195 F2d 771 Huggs v. Huggs
195 F.2d 771
90 U.S.App.D.C. 237
United States Court of Appeals District of Columbia Circuit.
Argued Feb. 14, 1952.
Decided Feb. 28, 1952.
[90 U.S.App.D.C. 238] Mr. George E. C. Hayes, Washington, D.C., with whom Messrs. James A. Cobb and Julian Dugas, Washington, D.C., were on the brief, for appellant.
Mr. Andrew W. Carroll, Washington, D.C., for appellee.
Before EDGERTON, PROCTOR and FAHY, Circuit Judges.
FAHY, Circuit Judge.
This is an appeal from a judgment of the District Court of the United States for the District of Columbia which declared null and void a Nevada divorce decree obtained in 1946 by appellant Ernest W. Huggs, Sr., purportedly dissolving the bonds of matrimony entered into by him and appellee Shirley Huggs in 1931. The judgment below also awards to appellee custody of two minor children to the marriage, with right of reasonable visits by appellant, and requires him to pay appellee $60 per month for the support of the children. The court denied appellee's request for an allowance for her own maintenance, without prejudice to further application upon change of circumstances.
Appellant deserted his family, in Washington, in February, 1946, and began living in an apartment with a woman and her fourteen year old son. The Nevada divorce was granted October 19, 1946, and on that day appellant went through a marriage ceremony in Reno with this woman. They then went to California for a few days, returned to Nevada, and spent about ten days there, after which they came back to the District of Columbia. Appellee did not participate in the Nevada action, nor was she personally served within that state.1
Appellant contends that (1) appellee was estopped by laches from contesting the validity of the Nevada decree and (2) said decree is valid. On each of these issues the court below decided otherwise.
On the question of laches the court found that, notwithstanding approximately three years elapsed after the divorce decree before appellee's attack upon it, neither appellant nor any third person had been affected by the delay. The marriage ceremony which immediately followed the divorce decree was in no sense due to delay on the part of appellee in contesting that decree. No children have been born of the relationship which accompanied that ceremony. As the trial court found:
'While she (appellee) delayed resorting to the Court until she had need for financial support, nevertheless, since her delay has [90 U.S.App.D.C. 239] not injured defendant and has not injured any third party, it is the opinion of the Court that plaintiff's equities outweigh those of defendant.'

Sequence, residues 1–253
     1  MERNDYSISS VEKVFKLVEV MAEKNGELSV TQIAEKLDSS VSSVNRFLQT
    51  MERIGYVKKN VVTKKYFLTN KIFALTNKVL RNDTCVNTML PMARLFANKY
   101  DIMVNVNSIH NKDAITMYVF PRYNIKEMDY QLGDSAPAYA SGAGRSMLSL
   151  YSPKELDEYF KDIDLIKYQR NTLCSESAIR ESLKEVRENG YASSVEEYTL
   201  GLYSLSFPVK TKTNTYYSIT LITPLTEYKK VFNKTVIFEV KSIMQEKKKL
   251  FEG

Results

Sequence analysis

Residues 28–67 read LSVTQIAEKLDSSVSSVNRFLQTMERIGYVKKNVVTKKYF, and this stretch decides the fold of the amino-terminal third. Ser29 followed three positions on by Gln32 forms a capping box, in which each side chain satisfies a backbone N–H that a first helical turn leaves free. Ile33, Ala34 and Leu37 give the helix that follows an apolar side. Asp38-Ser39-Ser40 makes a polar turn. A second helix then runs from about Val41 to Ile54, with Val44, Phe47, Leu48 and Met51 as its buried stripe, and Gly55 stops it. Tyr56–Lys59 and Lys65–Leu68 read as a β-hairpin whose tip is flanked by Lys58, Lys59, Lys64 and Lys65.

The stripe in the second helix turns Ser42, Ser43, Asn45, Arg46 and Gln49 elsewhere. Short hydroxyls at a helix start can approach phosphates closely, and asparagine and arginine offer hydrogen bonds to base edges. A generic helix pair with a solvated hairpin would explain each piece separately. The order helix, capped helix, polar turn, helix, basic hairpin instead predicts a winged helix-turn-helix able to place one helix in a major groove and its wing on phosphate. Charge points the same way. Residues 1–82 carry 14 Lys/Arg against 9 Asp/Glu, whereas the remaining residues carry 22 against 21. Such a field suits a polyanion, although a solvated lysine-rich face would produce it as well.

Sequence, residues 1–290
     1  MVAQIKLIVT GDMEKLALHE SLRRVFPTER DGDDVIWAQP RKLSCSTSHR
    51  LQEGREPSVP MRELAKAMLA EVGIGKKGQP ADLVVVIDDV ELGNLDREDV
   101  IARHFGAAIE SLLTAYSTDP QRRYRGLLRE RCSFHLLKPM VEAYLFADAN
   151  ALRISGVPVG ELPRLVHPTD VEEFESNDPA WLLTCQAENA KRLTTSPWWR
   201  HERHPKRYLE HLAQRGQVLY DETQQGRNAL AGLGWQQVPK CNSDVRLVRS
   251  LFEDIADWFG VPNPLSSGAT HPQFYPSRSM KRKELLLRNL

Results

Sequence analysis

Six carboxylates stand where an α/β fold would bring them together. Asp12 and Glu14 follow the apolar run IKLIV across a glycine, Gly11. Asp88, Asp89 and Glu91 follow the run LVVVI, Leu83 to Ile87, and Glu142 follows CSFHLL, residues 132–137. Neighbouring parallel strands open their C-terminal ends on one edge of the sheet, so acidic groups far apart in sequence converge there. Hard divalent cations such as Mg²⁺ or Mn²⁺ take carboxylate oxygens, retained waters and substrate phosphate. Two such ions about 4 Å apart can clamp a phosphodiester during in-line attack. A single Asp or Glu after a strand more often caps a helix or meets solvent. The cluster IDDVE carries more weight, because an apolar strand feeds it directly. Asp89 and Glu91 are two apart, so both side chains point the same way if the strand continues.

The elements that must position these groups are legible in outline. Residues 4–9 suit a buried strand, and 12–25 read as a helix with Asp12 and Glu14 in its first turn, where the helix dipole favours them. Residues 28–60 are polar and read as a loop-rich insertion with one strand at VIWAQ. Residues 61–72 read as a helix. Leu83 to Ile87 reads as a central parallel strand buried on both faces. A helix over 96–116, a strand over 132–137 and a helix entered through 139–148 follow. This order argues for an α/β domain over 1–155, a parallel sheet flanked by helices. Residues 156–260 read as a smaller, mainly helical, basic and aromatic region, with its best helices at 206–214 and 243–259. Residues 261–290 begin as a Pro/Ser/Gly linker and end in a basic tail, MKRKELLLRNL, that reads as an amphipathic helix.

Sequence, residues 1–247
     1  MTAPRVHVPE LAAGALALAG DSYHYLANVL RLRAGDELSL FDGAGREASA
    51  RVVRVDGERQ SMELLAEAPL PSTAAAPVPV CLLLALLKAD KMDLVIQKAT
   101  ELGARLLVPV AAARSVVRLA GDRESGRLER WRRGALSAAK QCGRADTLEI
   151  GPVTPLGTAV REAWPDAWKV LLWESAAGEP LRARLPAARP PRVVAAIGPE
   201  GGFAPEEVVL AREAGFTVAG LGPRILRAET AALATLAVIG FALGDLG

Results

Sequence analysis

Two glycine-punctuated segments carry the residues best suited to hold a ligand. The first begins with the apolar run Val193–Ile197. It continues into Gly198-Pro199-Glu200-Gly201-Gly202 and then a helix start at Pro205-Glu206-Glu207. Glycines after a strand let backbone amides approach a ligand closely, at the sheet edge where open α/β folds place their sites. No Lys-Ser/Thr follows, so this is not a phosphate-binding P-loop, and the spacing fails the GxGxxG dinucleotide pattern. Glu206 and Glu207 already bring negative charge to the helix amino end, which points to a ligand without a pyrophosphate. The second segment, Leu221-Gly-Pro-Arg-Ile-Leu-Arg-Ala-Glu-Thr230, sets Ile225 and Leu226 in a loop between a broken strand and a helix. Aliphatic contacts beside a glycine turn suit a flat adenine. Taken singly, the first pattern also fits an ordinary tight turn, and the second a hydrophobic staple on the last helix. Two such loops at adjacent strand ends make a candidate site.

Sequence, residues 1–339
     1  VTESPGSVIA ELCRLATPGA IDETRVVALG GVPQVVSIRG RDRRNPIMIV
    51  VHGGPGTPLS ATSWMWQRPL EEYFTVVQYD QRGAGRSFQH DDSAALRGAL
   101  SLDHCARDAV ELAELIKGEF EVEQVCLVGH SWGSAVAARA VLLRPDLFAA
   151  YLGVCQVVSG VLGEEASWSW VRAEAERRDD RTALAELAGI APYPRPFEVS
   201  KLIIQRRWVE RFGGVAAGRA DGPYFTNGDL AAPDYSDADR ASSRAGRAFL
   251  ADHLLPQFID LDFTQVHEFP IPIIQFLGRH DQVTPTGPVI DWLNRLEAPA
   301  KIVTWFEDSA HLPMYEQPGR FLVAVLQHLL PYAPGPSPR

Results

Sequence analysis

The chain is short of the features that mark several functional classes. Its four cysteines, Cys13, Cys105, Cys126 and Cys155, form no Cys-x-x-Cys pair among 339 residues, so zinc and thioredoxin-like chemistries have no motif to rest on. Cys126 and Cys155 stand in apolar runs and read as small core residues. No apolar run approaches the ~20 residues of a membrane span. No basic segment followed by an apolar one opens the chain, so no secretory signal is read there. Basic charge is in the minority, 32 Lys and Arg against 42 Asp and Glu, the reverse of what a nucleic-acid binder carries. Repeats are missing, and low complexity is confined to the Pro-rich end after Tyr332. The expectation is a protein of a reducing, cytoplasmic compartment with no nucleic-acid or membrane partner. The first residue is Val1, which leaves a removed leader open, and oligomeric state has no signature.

We are not warranted in disturbing this conclusion of the court resting upon the facts of the particular case, Harris v. Harris, 90 U.S.App.D.C.- , 196 F.2d 46, decided February 28, 1952. This is so notwithstanding the contention, rejected by the court below, that considerations of public policy, such as the possibility of children, weigh in favor of sustaining a plea of laches in this general type of case.
After ruling that appellee was not barred by laches, the court held the Nevada decree invalid upon finding that appellant, though he was in Nevada for the statutory period required to evidence domicile in that state, had not intended to make Nevada his home but had intended to return to the District of Columbia at the conclusion of the divorce suit. Again, as with respect to the ruling against estoppel by laches, we are not warranted in upsetting the conclusion that appellant did not acquire a Nevada domicile. See Rice v. Rice, 1949, 336 U.S. 674, 69 S.Ct. 751, 93 L.Ed. 957. Among the supporting facts are the circumstances under which appellant went to Nevada. He first obtained leave from his Government position in the District of Columbia for 136 hours beginning, 'July 30, at 8:45 A.M. To end August 21 at 5:15 P.M.' and an additional 'Number of hours 240 to begin 8/22/46 8:45 A.M. To end 9/20/46 5:15 P.M.' A further request for leave was made September 12, 1946, with the statement of appellant 'I find it necessary to request an extension of leave without pay up to and including November 1, 1946. This extension has become necessary in view of the fact that the business which originally made it necessary to take leave has not been completed. I feel sure that this extension of leave will be sufficient.' The business referred to was to go to Nevada, stay there the statutory period, obtain a divorce, and, as eventuated, to remarry the same day, followed by return to Washington to live.
Finding no error,2 the judgment is
1 The divorce complaint was filed at Reno September 14, 1946, alleging actual and bona fide residence 'for more than six weeks last past.' Appellant mailed to his wife, the appellee, a paper for execution providing for her appearance and waiver of service of process but she refused to sign: thereafter in September, 1946, she was personally served in the District of Columbia with the Nevada suit by a United States Marshal for the District of Columbia.
2 It is suggested by the appellant that the court's denial pendente lite of appellee's motion for maintenance on her own behalf, by reason of laches, became the law of the case; but this was prior to final hearing when the evidence was more fully developed. Consequently, the question of laches remained open for reconsideration and decision.